A Hidden Life - WW2 letters of an Austrian man against Nazi regime

In his latest work, Terrence Malick goes back to his roots!

As the bells toll in the hollow of the St. Radegund greenery, a woman looks up at the darkening sky. Listening to the metal bangs, she stands on a freshly dug field, brazen and ready to swallow up the seeds. Nearby, a young couple is married in the unfriendly hours of 1943. Though we see only her firm, skinny backs, soon we shall recognize Franziska Jägerstätter, played by Valerie Pachner, whose husband Franz - played by August Diehl - has been taken to Berlin´s central military prison upon repeated refusal to swear an oath to Hitler. Soon, the bells will quiet and all that remains will be the bitter sorrow and a nearing sense of death swallowing the space created. As Terrence Malick revisits the full splendor of pensive genius at work, there are no otherworldly heroes here, just men consistently holding to their defeat to the ultimate sanctification. In A Hidden Life, the taciturn grief of bravery is met with repetition to the human dignity of saying no, face to face with mutilating pages of history.

It will be another twenty years since Jägerstatter´s execution before one Hannah Arendt publishes observations on Eichmann´s trial in Jerusalem, reminding not only our western civilization but rather the entire human species on actual derision in man´s identity, the acuity of evil at the action. It is not senseless in the means of irrationality, the tempered logic behind now historic destruction machinery is more than orderly. Its totality and mass acceptance fuelled mostly either by inseminated hate or pure fear rested on the promise of the most elusive future, a better future for which the price was the point-to-point termination deemed necessary. Under the political consummation at times, such categories of good, evil, right choice or necessity become unevenly disfigured in defense of the higher cause or the good of the nation, both equally distorted terms. Quoting David Rousset in her work explaining the identity under the Third Reich it says:

“The triumph of the SS demands that the tortured victim allows himself to be led to the noose without protesting, that he renounce and abandon himself to the point of ceasing to affirm his identity. They know that the system which succeeds in destroying its victim before they go on scaffold I s the best to keep people in slavery.” (David Rousset, Les Jours de Notre Mort)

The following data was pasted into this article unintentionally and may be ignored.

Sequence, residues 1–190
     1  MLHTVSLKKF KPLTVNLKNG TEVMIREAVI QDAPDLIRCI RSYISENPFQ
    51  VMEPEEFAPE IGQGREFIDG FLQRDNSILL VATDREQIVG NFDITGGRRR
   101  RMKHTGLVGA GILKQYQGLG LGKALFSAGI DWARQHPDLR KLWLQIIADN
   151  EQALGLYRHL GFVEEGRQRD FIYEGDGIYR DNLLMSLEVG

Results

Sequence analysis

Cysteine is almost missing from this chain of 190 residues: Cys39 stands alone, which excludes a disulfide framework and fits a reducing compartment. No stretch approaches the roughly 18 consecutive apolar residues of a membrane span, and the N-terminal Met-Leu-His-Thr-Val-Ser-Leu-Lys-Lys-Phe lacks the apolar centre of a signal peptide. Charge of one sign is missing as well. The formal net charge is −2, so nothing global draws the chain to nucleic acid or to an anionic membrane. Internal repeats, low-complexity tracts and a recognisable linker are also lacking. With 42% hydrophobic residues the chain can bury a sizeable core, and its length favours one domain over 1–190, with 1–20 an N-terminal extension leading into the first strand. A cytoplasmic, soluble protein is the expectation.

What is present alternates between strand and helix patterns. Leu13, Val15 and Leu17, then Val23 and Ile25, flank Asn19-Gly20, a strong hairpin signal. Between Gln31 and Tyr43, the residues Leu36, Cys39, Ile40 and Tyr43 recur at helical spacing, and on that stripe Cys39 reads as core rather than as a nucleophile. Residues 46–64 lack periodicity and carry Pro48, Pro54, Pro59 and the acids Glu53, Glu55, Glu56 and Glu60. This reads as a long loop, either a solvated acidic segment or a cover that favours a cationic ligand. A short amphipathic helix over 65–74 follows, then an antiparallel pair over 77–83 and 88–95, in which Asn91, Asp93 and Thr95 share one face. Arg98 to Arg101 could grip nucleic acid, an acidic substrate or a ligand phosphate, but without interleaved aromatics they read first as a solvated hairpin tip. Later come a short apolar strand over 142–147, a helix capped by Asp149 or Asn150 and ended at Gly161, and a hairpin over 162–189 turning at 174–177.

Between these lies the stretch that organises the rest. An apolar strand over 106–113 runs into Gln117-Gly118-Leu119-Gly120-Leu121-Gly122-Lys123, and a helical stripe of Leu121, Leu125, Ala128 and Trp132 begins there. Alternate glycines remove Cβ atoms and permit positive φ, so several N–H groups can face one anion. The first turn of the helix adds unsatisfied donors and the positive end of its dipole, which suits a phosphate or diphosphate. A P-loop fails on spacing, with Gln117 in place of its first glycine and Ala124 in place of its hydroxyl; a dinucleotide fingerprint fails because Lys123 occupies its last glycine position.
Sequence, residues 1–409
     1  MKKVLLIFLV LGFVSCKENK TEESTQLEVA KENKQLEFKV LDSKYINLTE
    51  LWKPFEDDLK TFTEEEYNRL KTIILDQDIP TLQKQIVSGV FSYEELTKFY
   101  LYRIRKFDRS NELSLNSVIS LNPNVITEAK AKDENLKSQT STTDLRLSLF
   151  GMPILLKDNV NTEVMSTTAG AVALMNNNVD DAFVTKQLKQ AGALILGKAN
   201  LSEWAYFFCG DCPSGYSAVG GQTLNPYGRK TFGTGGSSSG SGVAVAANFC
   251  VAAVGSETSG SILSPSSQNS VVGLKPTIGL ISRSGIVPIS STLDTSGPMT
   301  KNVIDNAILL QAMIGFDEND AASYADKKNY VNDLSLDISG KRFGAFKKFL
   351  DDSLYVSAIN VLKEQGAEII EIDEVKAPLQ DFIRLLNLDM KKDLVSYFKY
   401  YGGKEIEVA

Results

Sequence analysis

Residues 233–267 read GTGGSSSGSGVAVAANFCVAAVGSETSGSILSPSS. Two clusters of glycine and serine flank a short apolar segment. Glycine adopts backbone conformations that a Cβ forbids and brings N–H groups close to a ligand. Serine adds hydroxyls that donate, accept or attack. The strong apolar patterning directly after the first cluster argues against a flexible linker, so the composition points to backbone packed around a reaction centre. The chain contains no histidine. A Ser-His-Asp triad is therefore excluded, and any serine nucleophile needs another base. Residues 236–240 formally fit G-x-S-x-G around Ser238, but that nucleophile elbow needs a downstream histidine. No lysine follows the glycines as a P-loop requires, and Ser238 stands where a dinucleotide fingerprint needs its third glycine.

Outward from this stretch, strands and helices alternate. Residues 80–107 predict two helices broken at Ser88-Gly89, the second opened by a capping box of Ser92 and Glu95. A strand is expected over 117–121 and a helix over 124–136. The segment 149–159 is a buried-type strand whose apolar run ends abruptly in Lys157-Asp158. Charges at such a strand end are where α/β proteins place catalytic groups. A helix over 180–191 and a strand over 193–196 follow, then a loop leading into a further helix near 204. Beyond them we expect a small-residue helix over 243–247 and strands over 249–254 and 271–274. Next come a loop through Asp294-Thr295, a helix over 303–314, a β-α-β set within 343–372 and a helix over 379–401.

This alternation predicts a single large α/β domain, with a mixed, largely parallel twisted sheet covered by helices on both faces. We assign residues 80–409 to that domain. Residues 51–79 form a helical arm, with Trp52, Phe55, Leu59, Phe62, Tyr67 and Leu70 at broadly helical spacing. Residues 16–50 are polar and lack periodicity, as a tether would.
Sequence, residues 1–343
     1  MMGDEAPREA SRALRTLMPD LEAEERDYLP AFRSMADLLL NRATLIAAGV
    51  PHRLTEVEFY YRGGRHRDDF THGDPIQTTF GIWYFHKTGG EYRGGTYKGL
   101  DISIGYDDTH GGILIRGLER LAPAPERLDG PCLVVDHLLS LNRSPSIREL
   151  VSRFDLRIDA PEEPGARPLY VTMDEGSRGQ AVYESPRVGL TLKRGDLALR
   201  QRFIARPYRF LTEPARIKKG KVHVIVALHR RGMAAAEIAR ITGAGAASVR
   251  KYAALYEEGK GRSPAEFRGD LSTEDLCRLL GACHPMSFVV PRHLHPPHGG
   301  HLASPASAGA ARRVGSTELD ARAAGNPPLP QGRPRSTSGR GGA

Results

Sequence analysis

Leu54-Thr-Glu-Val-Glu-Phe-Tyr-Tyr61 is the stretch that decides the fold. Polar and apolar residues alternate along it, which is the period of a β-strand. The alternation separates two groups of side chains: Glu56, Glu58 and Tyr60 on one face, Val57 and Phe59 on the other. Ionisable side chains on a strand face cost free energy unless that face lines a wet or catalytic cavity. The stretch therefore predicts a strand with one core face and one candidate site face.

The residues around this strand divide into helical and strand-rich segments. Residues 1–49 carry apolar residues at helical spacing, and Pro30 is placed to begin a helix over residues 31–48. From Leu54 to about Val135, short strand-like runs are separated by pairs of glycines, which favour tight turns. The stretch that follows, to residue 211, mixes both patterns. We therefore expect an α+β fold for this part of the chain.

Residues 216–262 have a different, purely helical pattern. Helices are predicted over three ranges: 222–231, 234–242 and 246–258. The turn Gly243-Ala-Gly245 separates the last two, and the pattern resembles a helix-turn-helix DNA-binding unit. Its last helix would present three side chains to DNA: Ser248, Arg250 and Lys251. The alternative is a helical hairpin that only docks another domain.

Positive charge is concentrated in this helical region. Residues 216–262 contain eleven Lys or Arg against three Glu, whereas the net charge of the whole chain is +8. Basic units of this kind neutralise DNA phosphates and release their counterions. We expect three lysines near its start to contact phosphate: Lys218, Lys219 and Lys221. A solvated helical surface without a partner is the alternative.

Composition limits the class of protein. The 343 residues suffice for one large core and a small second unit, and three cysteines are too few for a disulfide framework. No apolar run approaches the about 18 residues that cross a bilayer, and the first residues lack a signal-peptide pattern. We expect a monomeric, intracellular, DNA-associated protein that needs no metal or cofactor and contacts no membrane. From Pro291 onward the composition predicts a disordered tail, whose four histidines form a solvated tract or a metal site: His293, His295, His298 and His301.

Jägerstätter´s decision rests with a path less traveled by, to cite the poet. The war reaches even the outskirts of Tirolean heights with the idyllic farming life disheveled quickly. In a tightly-knit community rests more than one scythe to bury a man´s good intentions to its fellows, his love, his God. The criminalization of Jägerstätter´s action is due partially to abiding laws of the time, giving sprout to some bad blood amongst the nation´s populous. In the totalitarian regime, the question of guilt or ethics rests not with individualization of the case, rather with a purified ideal that is mystifying the possibility of one´s own choice. Justification on both sides is guided by different duties. Ostracized by the community as a whole, Jägerstätter´s family suffers not only the loss of a father, son or husband; it takes a share of this lonesome choice of soul´s certainty in what should not be done and therefore cannot be suffered by doing. The duty of the man is, therefore, growing above and beyond any state-acknowledged justification, even the reasoning offered as a necessity from Michael Nyqvist´s welcoming performance as Bishop Fliessen.

Similarly textured is Camus´ L'Hôte ( meaning both The Host and The Guest), with its screen version of David Oelhoffen´s Loin des Hommes (Far From Men). Reda Ketab and Viggo Mortensen played respectively the two protagonists, Mohamed and Daru. Stemming amidst breathtaking Atlas mountains, the desert ground caught amidst the fires of Algerian revolution and unresolved colonialization conflicts, the story follows Daru, a village professor, to whom a murderer Muhammed is handed with the accusation he had slain his cousin and therefore must be sentenced to death. Resting on two faces almost the entire time, the guilt and moral of the narrative feels rather close to A Hidden Life, even if it poses at first the stark difference of murder at hands; still, the necessity of survival is withheld from us in an ambiguous ways as the benign nature of Ketab´s performance grounds the final decision. The survival is paid by a high cost that might be presented as “the necessary evil” or transmutation of humanity, as in both cases we might recognize a Macbeth-alike trait of blood will have blood. In Far From Men, with its bereft aesthetics, Mohamed´s cousin might trigger a neverending circle of retribution between families.